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Tommy Emmanuel. One of several Chet thought were "certifiable."
No mention or musing on a "baker's dozen?" A bonus 13th item always seemed lucky to me!
Fujifilm's Raw File Converter still exists, for free, on their download site. X Raw Studio, Capture One 20, Raw File Converter, Irident X-Transformer, Lightroom (s) all do Raw to JPG/TIFF conversions, and are all useful, depending on how you view your workflow. There are other options, as well, but those mentioned are most popular currently. The real treat with X Raw Studio is to be able to get the baked in silicon Arcos directly from the camera caw, if you have framed and shot in one of the color sims, and saved a raw. Nothing like it! For older cameras, use one of the above mentioned apps to demosaic to TIFF, and Silver Efex or the like for B&W.
Toggle Commented Apr 14, 2020 on #$%! Fuji at The Online Photographer
I think Architect Jim Metzger is confused. The "pavement" in the foreground is a play area in the park (shuffleboard or basketball court), likely quite completely level, and correctly represented. The actual street is not held level, but drains downhill, to the viewer's left. The houses (the famous "painted ladies," are most often photographed looking downhill from a position to the right of this POV) appear to lean, due to the keystone effect from the camera being pointed slightly down, resulting in the sensor/film plane is not being plumb vertical, and thus not coplanar with the house fronts. As a result, the houses, save the one in the middle, appear to lean outward in both directions. Stan B. framed with the best lens and camera available, the one he had with him. If he had had a view camera or a wider lens, he probably could have framed and cropped a completely "square" photo, with all elements orthogonal and appearing normal.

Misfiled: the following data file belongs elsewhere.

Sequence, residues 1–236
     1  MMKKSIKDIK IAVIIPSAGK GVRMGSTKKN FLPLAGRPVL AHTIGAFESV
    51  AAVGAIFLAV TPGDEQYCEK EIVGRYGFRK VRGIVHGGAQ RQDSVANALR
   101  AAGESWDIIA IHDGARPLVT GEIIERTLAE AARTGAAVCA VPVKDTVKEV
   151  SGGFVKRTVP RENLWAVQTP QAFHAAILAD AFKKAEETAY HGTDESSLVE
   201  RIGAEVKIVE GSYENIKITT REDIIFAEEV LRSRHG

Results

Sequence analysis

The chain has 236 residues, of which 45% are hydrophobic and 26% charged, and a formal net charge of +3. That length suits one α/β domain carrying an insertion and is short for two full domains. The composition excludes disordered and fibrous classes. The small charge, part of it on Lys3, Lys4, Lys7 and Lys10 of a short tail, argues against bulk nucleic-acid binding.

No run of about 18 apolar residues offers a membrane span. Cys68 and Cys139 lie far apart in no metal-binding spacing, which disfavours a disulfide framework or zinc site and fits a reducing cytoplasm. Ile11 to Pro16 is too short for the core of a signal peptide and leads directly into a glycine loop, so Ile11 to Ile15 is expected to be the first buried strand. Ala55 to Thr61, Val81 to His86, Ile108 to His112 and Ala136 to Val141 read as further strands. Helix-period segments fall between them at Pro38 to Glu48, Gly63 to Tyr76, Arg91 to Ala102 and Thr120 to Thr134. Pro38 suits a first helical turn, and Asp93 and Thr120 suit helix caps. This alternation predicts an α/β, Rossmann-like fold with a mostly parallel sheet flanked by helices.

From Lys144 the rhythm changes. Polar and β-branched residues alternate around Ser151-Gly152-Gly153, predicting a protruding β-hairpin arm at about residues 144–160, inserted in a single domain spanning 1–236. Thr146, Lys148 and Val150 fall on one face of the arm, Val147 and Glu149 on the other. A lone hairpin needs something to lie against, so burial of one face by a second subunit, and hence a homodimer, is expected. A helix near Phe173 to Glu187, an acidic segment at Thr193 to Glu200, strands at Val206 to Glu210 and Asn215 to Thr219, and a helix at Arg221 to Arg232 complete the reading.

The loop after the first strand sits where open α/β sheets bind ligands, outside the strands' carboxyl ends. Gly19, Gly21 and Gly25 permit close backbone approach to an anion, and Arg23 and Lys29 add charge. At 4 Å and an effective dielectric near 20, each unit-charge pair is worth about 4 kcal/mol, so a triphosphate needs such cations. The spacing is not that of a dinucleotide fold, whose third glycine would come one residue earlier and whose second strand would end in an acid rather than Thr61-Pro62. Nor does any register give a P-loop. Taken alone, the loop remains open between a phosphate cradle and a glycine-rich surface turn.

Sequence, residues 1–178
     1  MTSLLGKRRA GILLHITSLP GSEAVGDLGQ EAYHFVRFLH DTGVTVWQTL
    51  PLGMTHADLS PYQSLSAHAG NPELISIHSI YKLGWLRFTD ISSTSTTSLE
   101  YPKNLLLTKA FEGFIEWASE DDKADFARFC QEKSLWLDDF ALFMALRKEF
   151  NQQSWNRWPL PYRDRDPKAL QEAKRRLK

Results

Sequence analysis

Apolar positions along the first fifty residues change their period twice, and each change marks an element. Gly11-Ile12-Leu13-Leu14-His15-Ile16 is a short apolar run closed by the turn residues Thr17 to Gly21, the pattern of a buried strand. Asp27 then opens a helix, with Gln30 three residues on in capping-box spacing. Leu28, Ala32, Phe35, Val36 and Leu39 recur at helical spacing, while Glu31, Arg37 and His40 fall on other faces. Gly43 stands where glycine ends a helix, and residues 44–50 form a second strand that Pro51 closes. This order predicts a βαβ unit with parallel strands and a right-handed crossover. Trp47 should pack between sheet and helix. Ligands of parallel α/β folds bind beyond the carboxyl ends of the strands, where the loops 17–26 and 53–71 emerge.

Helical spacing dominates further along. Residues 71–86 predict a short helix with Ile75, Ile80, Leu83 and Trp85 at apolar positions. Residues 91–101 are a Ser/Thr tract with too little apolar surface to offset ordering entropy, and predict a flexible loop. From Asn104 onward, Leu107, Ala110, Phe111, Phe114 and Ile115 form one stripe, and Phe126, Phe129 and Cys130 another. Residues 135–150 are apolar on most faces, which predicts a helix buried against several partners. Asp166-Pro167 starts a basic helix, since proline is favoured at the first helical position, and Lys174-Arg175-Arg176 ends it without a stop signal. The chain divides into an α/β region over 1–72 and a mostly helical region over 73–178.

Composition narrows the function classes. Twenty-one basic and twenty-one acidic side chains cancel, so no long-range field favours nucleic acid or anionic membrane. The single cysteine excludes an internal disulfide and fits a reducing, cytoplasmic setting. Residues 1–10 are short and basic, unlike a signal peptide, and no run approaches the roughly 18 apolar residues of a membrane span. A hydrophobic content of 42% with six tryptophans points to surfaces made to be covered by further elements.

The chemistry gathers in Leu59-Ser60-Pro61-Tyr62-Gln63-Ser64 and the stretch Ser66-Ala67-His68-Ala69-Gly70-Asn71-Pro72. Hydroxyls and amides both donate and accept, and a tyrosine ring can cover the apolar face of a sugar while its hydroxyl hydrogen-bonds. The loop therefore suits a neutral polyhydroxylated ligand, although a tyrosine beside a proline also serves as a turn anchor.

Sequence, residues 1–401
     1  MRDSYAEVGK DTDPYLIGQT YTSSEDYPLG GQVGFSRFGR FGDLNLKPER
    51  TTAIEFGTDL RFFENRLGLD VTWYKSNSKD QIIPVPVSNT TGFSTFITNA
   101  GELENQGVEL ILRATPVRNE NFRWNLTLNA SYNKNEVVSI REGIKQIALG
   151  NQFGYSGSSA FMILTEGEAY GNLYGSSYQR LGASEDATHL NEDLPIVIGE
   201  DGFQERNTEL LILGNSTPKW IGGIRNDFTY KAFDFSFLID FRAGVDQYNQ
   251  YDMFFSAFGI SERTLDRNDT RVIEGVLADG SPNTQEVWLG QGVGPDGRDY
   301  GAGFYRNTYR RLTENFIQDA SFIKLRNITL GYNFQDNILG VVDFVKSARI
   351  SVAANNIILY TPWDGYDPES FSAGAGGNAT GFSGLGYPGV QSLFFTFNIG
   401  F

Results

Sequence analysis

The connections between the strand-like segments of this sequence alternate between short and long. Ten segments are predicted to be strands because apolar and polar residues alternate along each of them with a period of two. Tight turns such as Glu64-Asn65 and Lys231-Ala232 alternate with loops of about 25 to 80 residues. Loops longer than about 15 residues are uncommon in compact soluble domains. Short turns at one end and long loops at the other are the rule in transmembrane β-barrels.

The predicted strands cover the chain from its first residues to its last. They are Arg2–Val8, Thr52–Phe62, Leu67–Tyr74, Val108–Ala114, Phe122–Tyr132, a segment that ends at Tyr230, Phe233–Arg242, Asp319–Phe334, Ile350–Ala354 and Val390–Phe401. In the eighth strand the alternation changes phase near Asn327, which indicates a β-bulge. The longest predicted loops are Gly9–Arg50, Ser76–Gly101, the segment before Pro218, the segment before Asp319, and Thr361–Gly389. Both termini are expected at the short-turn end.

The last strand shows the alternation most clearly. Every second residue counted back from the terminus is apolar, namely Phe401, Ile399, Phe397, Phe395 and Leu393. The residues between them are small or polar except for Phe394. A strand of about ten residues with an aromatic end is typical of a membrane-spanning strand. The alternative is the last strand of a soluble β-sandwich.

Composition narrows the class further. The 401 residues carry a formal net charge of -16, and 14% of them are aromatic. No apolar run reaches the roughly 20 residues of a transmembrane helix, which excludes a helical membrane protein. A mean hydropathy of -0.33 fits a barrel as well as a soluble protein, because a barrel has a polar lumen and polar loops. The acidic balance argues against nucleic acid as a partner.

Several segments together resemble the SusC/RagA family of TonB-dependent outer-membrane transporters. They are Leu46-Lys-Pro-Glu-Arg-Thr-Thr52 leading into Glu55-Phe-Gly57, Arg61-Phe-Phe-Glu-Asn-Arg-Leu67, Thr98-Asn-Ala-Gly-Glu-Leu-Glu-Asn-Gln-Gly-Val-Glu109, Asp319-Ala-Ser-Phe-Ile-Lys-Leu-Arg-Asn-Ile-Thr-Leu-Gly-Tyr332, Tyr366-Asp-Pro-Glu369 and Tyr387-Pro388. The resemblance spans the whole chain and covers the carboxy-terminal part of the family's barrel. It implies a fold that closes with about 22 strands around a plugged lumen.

Get the 50-230, keep either the 90 (for speed) or the 100-400 (for reach.) Most folks who upgrade from the "consumer" 50-230 to the "pro-ish" 55-200 don't stay with it long, and move to the 50-140, for real "difference" (speed and "quality.) 50-230 can be had very cheaply, and is amazingly good. Light, too. I thought you never "dumped" a "great" lens? 100-400 and 90 are usually judged to be in that category.
It's Huey's chair. BPP should have copyrighted the image. The six and half minutes it took to get there, all that lame commercial cover art, is cultural appropriation. Should have done a hard hitting exposé on the bean-bag chair instead! Power to the People, Right On! (and get off my lawn.)
Re: Boy Scouts. Tom Lehrer here: Other, longer, live versions also available on YouTube. Re: Snow shovels & John Krumm's suggestion.: Cutting three or four inches off the end of a "grain scoop" blade results in a shovel much more useful for lifting and throwing heavier snow.
Since the bird(s) triggered the camera, shouldn't it/they own the copyright, credit and profits? Disclaimer: I'm not sure that the "monkey selfie" is settled law yet.